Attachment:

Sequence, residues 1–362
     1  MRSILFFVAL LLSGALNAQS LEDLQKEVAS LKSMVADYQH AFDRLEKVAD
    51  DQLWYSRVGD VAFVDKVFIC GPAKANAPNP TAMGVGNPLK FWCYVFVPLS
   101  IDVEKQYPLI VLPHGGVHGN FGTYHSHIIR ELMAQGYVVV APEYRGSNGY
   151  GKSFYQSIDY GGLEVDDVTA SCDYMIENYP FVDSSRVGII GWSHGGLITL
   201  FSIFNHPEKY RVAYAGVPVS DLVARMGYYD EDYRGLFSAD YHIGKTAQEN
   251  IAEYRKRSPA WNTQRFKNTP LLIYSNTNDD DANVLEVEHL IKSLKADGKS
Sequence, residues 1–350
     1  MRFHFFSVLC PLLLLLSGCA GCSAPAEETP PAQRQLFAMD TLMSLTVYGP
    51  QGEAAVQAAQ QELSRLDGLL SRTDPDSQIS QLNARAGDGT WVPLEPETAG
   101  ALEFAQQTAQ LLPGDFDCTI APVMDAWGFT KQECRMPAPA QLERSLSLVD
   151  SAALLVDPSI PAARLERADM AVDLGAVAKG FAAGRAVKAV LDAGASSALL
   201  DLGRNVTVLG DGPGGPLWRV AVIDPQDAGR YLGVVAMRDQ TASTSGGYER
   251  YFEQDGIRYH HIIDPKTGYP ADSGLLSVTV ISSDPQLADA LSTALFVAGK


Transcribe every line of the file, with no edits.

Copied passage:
Sequence, residues 1–362
     1  MRSILFFVAL LLSGALNAQS LEDLQKEVAS LKSMVADYQH AFDRLEKVAD
    51  DQLWYSRVGD VAFVDKVFIC GPAKANAPNP TAMGVGNPLK FWCYVFVPLS
   101  IDVEKQYPLI VLPHGGVHGN FGTYHSHIIR ELMAQGYVVV APEYRGSNGY
   151  GKSFYQSIDY GGLEVDDVTA SCDYMIENYP FVDSSRVGII GWSHGGLITL
   201  FSIFNHPEKY RVAYAGVPVS DLVARMGYYD EDYRGLFSAD YHIGKTAQEN
   251  IAEYRKRSPA WNTQRFKNTP LLIYSNTNDD DANVLEVEHL IKSLKADGKS
Sequence, residues 1–350
     1  MRFHFFSVLC PLLLLLSGCA GCSAPAEETP PAQRQLFAMD TLMSLTVYGP
    51  QGEAAVQAAQ QELSRLDGLL SRTDPDSQIS QLNARAGDGT WVPLEPETAG
   101  ALEFAQQTAQ LLPGDFDCTI APVMDAWGFT KQECRMPAPA QLERSLSLVD
   151  SAALLVDPSI PAARLERADM AVDLGAVAKG FAAGRAVKAV LDAGASSALL
   201  DLGRNVTVLG DGPGGPLWRV AVIDPQDAGR YLGVVAMRDQ TASTSGGYER
   251  YFEQDGIRYH HIIDPKTGYP ADSGLLSVTV ISSDPQLADA LSTALFVAGK